Review: What’s New in Apple CarPlay in iOS 13.4

Apple CarPlay in iOS 13.4 on a the display of a 2020 Lexus NX 300

By Kurt Stolz on 20 April 2020
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Since its launch in 2014, Apple CarPlay has become, at least unofficially, a universal infotainment interface for vehicles from over two dozen automakers.

Virtually every car manufacturer offers multiple models that support CarPlay. The list includes Acura, Aston Martin, Audi, BMW, Buick, Cadillac, Chevrolet, Chrysler, Citroën, Fiat, Ford, Honda, Jeep, Lincoln, Mercedes-Benz, Nissan, Opel, Peugeot, Porsche, Renault, Skoda, Toyota, VW, and Volvo.

With the introduction of iOS 13, CarPlay received a new user interface, a dual-pane dashboard view. While the Task Switcher, introduced with iOS 10.3, remains on the far left, the new view placed Apple Maps on the left half of the screen while the right-hand side is divided between upcoming turns, Siri suggestions, audio controls, and calendar info.

Apple CarPlay on the 2020 Volkswagen Golf

With iOS 13.4, Apple has added several key features including support for third-party navigation apps, support for wide-screen displays, and responsive and dynamically resizing Dashboard cards.

To see how these new features worked, we tested two the latest version of CarPlay on a 2020 Lexus NX 300 and on a 2020 Volkswagen Golf.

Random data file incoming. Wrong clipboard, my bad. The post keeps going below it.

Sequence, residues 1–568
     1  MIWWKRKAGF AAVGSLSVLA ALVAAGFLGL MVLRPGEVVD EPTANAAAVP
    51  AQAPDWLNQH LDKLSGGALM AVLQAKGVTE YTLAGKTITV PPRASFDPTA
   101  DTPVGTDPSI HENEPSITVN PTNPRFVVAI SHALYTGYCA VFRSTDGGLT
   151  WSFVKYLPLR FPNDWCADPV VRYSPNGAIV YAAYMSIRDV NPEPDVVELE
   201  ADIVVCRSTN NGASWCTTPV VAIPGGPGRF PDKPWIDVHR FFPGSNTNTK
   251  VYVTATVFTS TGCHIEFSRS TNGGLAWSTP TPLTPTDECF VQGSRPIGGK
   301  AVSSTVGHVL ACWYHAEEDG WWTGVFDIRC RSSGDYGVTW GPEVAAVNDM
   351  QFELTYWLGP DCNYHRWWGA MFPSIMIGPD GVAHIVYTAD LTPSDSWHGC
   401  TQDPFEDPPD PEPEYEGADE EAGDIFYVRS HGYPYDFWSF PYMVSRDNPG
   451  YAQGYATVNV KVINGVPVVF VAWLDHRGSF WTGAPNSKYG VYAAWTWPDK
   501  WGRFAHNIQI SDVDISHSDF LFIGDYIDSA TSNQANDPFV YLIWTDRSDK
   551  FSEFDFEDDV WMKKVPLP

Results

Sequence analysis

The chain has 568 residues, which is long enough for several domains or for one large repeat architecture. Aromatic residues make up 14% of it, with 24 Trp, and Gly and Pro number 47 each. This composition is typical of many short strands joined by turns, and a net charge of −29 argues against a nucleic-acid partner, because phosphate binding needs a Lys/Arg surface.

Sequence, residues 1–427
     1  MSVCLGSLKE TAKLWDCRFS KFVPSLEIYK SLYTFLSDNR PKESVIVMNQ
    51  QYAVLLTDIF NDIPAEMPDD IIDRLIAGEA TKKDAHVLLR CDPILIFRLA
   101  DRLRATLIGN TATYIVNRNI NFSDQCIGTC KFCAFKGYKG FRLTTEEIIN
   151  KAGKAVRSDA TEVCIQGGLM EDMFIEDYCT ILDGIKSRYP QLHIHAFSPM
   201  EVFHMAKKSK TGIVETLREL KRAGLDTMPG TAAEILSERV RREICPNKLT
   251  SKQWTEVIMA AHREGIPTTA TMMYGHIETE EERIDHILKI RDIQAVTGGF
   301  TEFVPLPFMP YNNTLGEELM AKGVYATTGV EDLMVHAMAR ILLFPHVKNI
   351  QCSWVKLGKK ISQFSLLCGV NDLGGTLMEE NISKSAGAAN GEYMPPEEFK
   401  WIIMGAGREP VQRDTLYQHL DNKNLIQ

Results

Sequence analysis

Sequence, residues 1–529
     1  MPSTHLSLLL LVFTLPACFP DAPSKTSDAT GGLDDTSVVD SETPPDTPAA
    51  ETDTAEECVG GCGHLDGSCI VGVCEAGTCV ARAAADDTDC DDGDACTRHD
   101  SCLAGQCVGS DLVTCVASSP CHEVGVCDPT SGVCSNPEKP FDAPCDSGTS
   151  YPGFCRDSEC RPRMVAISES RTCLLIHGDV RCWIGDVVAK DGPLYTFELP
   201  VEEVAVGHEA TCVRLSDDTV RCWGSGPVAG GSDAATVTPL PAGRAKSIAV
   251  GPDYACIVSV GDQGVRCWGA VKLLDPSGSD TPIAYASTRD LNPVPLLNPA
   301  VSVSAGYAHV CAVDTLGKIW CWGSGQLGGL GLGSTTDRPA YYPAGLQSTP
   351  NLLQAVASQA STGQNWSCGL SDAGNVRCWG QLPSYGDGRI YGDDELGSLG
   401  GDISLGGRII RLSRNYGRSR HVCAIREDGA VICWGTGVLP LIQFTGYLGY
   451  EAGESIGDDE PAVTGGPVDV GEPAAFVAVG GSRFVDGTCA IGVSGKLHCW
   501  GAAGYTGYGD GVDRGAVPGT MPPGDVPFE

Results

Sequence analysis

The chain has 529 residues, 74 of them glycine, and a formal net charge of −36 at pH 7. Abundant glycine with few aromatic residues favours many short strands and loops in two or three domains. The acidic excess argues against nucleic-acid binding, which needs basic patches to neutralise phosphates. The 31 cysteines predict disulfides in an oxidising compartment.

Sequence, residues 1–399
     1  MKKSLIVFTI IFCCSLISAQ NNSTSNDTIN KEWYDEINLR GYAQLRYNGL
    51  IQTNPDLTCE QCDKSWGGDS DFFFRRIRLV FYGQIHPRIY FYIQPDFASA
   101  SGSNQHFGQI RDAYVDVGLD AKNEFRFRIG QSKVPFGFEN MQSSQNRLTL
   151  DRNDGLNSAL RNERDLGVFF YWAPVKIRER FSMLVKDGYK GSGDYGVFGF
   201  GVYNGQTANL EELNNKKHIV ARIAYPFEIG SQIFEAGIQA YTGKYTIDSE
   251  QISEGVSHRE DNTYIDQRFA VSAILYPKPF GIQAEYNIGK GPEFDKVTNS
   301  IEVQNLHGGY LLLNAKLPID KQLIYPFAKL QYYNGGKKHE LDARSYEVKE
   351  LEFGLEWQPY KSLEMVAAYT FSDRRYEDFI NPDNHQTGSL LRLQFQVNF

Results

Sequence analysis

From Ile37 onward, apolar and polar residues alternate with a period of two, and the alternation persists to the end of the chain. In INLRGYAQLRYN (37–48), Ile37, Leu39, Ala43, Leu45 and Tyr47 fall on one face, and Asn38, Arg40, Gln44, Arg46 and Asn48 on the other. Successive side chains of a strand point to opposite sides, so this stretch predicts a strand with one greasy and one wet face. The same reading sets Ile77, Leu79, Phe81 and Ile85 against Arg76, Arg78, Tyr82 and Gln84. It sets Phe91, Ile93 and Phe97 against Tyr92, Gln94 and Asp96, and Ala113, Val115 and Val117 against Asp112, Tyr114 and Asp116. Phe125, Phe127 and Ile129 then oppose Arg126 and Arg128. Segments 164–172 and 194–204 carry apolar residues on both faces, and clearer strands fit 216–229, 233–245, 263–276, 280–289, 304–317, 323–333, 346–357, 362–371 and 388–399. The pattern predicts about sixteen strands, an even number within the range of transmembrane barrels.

To start with, thanks to a responsive Dashboard that dynamically resizes, CarPlay offers drivers a more polished experience in vehicles with wider screens.  On one such a display, the massive 10.3” screen on the Lexus, the map’s user interface covered a larger part of the display than the information panels to the right, for example.   Previous versions of CarPlay hadn’t been optimized by Apple to take full advantage of different size displays, and the ratio between the width of the main window of the Dashboard and the width of the cards on the right side was 50-50.  On the Lexus’ expansion display, the main window took up roughly two-thirds of the display, a noted improvement.

With 13.4, the Dashboard panel cards will intelligently resize themselves and display content based on what is currently active in CarPlay.  For example, if navigation is active, the Now Playing card will take up less space and only display minimal controls.  If navigation isn’t active, the Now Playing panel will take up more space and display additional metadata, such as album art, in addition to the standard controls.

CarPlay now supports two different card sizes on the Dashboard in order to better adapt to the information that it needs to display.  One example we noted was the call control card, which can expand or contract based on what else needs to be displayed on the Dashboard.

While Apple has added support for apps such as Google Maps and Waze to appear in the CarPlay Dashboard, it’s incumbent upon the apps’ developers to add support that feature, something that, at press time, has not yet been announced.  As a result, we can’t actually review this feature until such support as been added.

Finally, when you share your ETA with someone for the first time using CarPlay, you will see a new splash screen that shows how your name and e-mail address will appear to the recipient.

BOTTOM LINE

We found CarPlay’s new support for wide-screen displays and its new responsive and dynamically resizing Dashboard cards greatly enhanced the user experience and resulted in a better and more useable Apple CarPlay.

(Photo: Accura Media Group)

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